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Is an Automotive Special Edition Really Special?

In the automotive world, car companies are often coming out with “special editions” of their models. Special editions can have all sorts of names — from something as simple as merely “Special Edition” to names that evoke the automaker’s heritage, or geographical locations, or brands that have a tie-in to that particular model — like, for instance, the Ford Explorer “Eddie Bauer” edition, which was popular throughout the 1990s.

But are special editions really special? In other words, if you buy a special edition car, are you really getting something extra — something you wouldn’t be getting with a normal model? We’re taking a quick look at the “special edition” to find out if it’s really worth your extra money over a normal model.

Usually, They Aren’t

In most cases, special editions aren’t exactly “special.” Instead, most automaker special editions are released when a car is aging, as newer competitors have arrived. If, for example, Car A was released in 2014 and Car B, a rival, came out in 2017, the manufacturers of Car A may create the “Car A Special Edition” in 2018 to try and spur sales — and convince people that they have a new, special version.

In many cases, “special edition” models usually involve little more than a few aesthetic components added to a car to give it a slightly different look — such as a new interior color, a new wheel design or a new exterior color with unique “special edition” badging. Those models are hardly special — but car companies know that some car shoppers may see them and become excited at the prospect of having a new, unique variant that others don’t have.

But Sometimes…

In some cases, however, “special edition” models offer a little more than just cosmetic upgrades. Some automakers — most notably, Honda — debut “special edition” models with a few equipment upgrades for a little less than you’d pay to get those features if you stepped up to the next trim level. A “special edition” version of the Honda Accord, for example, may have leather upholstery and heated seats for an extra $1,000 over the regular model — whereas you’d have to pay an extra $3,000 to get those features in conjunction with other equipment if you went through the brand’s traditional trim levels.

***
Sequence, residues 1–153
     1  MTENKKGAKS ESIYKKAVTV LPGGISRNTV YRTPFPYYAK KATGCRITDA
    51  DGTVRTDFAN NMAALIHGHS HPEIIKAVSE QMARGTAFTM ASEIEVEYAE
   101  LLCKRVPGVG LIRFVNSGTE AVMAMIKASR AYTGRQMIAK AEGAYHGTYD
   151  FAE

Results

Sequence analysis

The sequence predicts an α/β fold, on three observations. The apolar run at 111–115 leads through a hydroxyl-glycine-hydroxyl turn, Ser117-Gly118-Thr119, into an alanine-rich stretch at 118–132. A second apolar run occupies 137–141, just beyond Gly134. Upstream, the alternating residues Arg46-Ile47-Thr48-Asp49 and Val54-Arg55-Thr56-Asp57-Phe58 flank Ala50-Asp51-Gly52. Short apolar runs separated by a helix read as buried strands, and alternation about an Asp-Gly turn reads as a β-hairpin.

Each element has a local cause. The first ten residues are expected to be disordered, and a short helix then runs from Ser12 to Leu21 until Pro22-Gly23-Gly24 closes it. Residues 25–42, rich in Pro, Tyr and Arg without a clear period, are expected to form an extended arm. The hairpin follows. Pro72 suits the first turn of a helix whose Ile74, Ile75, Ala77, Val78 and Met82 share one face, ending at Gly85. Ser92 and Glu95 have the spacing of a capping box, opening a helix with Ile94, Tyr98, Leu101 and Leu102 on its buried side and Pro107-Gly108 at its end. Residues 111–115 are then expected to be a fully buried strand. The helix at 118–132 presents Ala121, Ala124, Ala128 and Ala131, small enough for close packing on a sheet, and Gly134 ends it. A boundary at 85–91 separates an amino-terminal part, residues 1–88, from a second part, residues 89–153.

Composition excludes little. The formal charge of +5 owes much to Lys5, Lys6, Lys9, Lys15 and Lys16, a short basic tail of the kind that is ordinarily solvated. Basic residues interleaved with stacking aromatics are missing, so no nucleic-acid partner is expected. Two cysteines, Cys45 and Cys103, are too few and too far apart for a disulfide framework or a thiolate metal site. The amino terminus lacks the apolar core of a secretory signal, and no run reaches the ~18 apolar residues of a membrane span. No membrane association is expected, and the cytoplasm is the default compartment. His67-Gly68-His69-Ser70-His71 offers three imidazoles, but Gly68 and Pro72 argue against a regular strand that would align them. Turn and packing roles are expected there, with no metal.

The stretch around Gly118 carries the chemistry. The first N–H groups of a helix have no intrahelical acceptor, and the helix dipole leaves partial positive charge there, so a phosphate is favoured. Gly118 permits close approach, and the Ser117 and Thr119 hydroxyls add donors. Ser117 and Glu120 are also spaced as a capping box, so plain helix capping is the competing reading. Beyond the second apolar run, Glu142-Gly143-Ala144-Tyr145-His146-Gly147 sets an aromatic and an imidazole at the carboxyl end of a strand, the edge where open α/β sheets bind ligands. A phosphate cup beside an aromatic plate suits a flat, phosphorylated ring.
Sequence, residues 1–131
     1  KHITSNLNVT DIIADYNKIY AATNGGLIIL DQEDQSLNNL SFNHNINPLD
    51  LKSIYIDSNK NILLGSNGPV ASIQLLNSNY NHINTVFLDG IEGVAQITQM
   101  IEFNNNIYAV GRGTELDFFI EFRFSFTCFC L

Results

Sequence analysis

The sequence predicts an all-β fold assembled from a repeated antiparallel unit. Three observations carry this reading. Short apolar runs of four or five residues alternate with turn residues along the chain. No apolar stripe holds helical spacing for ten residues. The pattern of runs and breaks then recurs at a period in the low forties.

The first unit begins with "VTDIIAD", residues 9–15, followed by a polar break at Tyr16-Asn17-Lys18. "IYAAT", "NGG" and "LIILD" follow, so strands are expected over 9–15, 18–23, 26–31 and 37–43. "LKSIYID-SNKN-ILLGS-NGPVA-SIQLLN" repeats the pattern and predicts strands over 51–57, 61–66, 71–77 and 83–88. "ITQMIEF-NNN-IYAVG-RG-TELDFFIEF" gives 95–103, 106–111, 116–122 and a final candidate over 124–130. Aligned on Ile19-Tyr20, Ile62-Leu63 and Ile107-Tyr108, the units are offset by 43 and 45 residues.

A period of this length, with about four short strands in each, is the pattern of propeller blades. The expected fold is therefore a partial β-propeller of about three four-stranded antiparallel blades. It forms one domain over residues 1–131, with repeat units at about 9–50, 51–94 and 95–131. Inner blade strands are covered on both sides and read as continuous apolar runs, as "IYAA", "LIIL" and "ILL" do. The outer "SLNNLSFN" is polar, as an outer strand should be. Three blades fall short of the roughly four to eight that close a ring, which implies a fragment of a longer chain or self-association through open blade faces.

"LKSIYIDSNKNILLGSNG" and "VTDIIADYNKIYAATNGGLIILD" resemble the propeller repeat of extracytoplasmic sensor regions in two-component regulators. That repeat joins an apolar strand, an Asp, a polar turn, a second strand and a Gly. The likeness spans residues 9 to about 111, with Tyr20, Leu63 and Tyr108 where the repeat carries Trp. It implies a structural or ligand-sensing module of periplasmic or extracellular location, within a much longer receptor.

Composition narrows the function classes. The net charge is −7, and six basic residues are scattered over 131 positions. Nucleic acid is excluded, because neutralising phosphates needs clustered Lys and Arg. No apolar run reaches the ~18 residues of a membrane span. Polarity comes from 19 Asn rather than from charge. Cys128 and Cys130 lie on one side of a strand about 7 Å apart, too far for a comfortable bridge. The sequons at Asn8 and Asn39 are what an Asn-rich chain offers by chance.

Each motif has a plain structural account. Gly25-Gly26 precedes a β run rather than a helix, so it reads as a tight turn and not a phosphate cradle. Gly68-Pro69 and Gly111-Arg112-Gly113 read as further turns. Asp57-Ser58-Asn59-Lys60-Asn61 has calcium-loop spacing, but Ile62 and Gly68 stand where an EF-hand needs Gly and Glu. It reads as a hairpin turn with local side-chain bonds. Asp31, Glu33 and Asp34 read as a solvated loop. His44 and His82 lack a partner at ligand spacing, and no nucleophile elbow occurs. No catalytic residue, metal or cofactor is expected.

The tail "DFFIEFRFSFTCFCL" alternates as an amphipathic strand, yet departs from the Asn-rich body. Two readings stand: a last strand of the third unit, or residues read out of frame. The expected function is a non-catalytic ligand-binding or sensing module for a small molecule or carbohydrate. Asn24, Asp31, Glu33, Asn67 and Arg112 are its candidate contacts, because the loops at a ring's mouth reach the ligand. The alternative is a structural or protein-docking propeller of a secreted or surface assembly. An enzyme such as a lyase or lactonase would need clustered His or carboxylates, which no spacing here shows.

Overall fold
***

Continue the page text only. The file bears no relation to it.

And it’s not only Honda that does this. Several automakers offer features on certain “special edition” models that are either pricey options or unavailable in regular trim levels. One example is the Jeep Wrangler, which offers myriad special editions. While many of them simply involve different wheels and exterior graphics, some include desirable off-roading accessories like a locking differential.

Find Out What’s Involved

Our suggestion to you: If you hear that an automaker is offering a “special edition,” or any other sort of “edition,” find out what’s involved before you get too excited. If the “special edition” includes only a rear spoiler, or some added graphics, or some new wheels, ask yourself whether it’s really worth the extra money to add those features — or if you could make do with a normal trim level and save some cash. Simply put: Don’t fall for the “special edition” without first finding out what it entails.

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